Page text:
A resource-efficient home is best described as a home that sustainably uses the Earth’s limited resources while at the same time, minimizing environmental impact. Think, repair, re-manufacturing, recycling, maintenance, and more eco-friendly home design.
There are a variety of definitions of what a “green” home truly is. A widely held and accepted definition includes the planning, design, and construction of a home with considerations of energy use, water use, material selections, site locations, and indoor environmental quality features. Green, or resource-efficient, homes tend to use less energy and smarter resources in order to provide a healthier home for you and your family.
The benefits of resource-efficient homes are usually grouped into three areas: health, savings, and value.
Resource-efficient homes aim to provide lots of natural light, safe building materials, and clean indoor air. Green Home Guide reports, “With better products, such as low-emission materials, a radon mitigation system, and sealed combustion appliances, certified green homes can have a positive impact on your family’s health. Improved heating, ventilation, insulation, and air sealing also contribute to reducing risks and symptoms of respiratory disease, asthma, cancer, cardiovascular disease, depression, stress, infectious disease, and more.”
Another benefit of a green or resource-efficient home is the long-term savings it can offer. By using environmentally friendly home building materials, often monthly utility bills are lowered due to a reduction of energy and water consumption.
The United States Green Building Council (USGBC) shares that year-over-year, spaces built with green materials have reduced maintenance and usage costs by nearly 20 percent. Additionally, the resale of a resource-efficient home can see upwards of an eight percent increase in resale value.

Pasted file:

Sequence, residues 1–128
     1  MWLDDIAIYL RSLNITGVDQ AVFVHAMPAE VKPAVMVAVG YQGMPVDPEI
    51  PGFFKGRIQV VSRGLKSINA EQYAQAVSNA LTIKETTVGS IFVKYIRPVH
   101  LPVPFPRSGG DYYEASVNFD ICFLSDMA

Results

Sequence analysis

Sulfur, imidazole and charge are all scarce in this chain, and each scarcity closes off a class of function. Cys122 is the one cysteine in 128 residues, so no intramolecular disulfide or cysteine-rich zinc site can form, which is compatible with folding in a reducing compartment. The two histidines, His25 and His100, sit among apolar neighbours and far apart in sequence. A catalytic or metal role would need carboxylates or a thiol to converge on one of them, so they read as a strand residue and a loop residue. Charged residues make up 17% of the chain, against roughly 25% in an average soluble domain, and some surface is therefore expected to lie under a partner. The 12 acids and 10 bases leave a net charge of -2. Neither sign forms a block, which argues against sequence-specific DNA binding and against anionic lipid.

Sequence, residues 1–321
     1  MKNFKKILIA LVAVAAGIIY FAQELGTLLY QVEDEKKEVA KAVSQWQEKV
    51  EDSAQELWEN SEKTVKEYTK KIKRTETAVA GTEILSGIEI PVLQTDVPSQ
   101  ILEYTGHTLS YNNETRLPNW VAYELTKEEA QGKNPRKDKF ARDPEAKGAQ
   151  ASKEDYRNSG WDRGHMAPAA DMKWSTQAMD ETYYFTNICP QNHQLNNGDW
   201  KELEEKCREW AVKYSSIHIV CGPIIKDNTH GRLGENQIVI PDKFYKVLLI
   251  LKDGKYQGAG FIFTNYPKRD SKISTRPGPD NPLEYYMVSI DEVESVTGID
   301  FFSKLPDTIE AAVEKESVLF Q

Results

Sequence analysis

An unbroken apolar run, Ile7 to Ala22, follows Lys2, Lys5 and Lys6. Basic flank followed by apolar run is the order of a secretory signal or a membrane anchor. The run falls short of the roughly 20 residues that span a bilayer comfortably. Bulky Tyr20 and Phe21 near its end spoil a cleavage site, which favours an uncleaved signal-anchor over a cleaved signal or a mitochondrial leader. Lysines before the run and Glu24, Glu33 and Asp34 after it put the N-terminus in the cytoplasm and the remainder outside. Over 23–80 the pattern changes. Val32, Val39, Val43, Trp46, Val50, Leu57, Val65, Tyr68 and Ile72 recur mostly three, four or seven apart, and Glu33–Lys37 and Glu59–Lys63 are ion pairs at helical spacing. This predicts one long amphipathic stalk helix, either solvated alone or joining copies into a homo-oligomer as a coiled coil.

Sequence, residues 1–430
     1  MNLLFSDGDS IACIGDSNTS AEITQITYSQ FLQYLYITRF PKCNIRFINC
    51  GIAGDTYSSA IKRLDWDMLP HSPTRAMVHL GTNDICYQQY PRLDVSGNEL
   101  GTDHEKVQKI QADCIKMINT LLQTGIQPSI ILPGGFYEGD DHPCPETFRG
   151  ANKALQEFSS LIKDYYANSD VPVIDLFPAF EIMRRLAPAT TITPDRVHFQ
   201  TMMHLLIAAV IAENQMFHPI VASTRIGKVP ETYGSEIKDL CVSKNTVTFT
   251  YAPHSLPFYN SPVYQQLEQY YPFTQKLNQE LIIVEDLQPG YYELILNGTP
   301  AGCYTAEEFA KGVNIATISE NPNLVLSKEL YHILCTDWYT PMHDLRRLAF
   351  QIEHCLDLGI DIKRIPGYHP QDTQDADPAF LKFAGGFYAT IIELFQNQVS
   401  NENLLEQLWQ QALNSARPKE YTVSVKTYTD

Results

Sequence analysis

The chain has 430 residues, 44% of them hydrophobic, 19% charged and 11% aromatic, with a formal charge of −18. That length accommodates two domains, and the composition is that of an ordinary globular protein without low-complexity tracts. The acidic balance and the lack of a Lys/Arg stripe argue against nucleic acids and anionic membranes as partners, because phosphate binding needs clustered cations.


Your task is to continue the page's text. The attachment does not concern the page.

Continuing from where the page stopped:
In addition to the monthly savings costs on utility bills, another way a resource-efficient home can offer value lies in the other incentives it may qualify for. From special homeowner’s insurance discounts to tax breaks, the added value of a green home can be a great benefit to a homeowner. Some incentives apply for new construction, others for remodels, and some for both.
Many states offer an incentive for a wide variety of energy efficient and energy renewable technologies, such as heat pumps, furnaces, boilers, central air conditioners, building insulation, doors, siding, roofs, solar water heat, geothermal heat pumps, cool roofs, LED lighting, and more. Be sure to check with a qualified tax professional to maximize the value you could gain from one or more of these technologies.
One way for homebuyers to know what they are getting in terms of environmentally and responsibly built green homes is to look for a LEED certification. In order for a home to qualify for a LEED certification, the home earns points by adhering to prerequisites and credits that address carbon, energy, water, waste, transportation, materials, health, and indoor environmental quality.
According to the National Association of Realtors, resource-efficient homes and those with the LEED certification are designed and constructed to provide a safe, healthy, and sustainable place to live. They provide cleaner indoor air, save on energy and water, maintain their value over time, and prioritize the use of materials that promote health and enhance resilience.